In This Issue:
  • Hollywood hospital held to ransom by hackers
  • Apple boss Tim Cook hits back at FBI investigation
  • More about the Crypto Virus
  • CEO Note: Hospital Paid the Ransom
  • Applications for Healthcare
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Hollywood hospital held to ransom by hackers

February 15th, 2016

By Dan Lee
North America Technology Reporter

Ransomware is a growing menace for computer users - but when a hospital is targeted, it makes the disruption far more serious.

Computer systems at Hollywood Presbyterian Medical Center have been offline for more than a week following a ransomware attack.

According to local news sources, hackers were said to have demanded $3.4m (£2.4m) to provide the codes to unlock the stolen data.

The hospital has confirmed the attack took place, but has not commented on the ransom.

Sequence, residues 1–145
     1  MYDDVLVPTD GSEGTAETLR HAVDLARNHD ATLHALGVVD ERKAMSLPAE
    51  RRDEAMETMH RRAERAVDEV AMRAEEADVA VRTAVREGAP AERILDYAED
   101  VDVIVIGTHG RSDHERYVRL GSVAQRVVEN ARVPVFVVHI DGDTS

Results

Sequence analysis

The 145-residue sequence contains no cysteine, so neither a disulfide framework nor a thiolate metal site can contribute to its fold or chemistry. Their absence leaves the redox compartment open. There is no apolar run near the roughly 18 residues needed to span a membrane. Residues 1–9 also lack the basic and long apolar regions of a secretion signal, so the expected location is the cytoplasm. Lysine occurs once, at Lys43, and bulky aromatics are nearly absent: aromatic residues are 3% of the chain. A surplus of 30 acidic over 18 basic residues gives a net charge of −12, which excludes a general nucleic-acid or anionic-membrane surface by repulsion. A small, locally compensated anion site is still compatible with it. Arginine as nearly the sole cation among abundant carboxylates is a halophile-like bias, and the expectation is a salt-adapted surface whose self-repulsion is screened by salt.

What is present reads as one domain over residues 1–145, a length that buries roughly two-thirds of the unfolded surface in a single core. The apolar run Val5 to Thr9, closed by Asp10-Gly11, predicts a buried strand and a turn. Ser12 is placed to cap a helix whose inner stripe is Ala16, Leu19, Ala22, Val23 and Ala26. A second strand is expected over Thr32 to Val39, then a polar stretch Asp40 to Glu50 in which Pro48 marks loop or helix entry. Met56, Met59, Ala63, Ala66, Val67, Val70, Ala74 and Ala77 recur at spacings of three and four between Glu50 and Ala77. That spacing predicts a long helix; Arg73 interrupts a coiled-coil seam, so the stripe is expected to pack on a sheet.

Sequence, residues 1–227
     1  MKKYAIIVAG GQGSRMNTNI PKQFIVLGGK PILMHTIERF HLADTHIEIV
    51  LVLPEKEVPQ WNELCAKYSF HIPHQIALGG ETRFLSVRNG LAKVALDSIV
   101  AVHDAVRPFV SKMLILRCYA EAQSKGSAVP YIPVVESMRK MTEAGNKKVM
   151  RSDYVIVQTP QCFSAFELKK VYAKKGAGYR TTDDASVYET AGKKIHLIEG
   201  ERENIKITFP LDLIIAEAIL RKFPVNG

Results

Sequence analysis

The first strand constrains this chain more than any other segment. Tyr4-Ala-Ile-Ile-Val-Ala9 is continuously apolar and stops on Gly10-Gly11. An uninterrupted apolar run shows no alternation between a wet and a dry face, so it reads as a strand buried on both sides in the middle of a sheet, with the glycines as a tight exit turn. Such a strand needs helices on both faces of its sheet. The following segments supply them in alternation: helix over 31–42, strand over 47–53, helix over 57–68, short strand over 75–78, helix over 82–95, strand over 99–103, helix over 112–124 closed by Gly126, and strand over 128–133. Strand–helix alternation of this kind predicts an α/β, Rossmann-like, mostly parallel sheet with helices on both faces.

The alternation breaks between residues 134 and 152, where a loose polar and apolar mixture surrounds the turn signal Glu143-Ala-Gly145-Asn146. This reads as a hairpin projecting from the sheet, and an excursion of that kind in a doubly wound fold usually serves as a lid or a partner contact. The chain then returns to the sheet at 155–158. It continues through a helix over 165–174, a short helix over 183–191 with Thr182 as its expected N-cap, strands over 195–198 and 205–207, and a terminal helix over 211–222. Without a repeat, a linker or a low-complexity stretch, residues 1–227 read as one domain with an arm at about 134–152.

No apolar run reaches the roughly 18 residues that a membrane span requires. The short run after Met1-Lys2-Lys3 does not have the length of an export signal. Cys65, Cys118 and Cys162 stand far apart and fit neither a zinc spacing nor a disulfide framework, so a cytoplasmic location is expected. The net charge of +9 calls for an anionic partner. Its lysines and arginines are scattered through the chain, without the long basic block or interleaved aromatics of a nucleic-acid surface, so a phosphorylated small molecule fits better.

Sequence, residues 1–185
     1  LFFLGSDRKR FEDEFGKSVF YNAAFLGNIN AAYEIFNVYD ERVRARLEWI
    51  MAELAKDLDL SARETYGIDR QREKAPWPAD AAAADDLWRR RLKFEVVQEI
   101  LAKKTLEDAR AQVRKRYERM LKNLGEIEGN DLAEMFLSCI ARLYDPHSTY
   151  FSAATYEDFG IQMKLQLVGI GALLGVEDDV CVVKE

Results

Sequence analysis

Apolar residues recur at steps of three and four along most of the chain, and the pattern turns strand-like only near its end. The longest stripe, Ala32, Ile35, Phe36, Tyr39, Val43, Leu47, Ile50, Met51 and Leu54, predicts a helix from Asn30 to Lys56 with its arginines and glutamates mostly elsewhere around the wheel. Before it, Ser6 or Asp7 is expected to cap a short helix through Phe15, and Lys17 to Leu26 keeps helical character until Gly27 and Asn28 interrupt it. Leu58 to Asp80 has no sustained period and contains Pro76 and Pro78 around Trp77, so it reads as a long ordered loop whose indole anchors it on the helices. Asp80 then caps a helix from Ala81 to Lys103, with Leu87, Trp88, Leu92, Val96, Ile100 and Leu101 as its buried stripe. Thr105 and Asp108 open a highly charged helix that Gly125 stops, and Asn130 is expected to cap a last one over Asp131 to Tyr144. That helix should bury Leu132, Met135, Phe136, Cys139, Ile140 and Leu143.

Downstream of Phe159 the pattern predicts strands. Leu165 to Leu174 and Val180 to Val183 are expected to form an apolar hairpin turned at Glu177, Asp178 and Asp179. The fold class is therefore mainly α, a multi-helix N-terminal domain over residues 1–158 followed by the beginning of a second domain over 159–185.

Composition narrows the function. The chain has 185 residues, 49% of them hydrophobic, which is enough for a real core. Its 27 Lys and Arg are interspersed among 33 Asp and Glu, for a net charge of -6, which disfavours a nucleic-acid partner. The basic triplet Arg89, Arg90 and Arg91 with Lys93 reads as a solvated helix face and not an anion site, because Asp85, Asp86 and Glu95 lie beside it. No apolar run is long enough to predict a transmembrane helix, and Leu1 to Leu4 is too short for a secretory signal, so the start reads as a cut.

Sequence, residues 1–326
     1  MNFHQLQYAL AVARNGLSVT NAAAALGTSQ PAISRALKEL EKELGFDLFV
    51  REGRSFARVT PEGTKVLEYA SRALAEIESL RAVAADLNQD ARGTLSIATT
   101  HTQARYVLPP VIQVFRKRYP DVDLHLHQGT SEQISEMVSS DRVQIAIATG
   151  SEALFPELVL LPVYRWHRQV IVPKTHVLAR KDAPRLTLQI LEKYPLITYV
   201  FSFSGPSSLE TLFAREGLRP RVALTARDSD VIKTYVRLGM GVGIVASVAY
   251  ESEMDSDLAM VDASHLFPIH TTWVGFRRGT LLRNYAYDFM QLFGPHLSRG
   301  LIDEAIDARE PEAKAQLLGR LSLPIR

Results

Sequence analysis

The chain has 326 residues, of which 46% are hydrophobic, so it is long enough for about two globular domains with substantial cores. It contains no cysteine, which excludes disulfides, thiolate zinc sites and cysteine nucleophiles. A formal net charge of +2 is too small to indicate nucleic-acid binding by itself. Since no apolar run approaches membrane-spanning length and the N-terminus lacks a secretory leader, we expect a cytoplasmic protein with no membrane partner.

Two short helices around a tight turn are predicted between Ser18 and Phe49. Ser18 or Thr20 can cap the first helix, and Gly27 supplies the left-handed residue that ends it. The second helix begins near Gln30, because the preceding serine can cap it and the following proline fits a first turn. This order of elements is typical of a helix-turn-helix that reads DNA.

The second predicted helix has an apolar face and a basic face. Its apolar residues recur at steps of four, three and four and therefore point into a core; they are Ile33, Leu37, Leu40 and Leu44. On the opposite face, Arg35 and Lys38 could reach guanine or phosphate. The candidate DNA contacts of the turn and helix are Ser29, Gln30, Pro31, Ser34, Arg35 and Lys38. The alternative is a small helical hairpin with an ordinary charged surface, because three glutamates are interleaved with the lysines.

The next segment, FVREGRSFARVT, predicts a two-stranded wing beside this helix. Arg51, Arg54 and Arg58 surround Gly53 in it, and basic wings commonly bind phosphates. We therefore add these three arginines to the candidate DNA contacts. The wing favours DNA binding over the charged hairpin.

A voicemail message at the hospital reassures patients that medical records had not been accessed by the hackers.

Investigations into the source of the attack - which hospital officials said appeared to be random rather than targeted at the facility - are being conducted by the FBI, Los Angeles Police and computer forensics experts hired by the hospital.

The hospital insists that day-to-day operations have not been impacted, although many tasks normally carried out on computer are now being done on paper, much to the frustration of staff.

Patients are also being told they must travel to pick up medical test results in person rather than receive them electronically.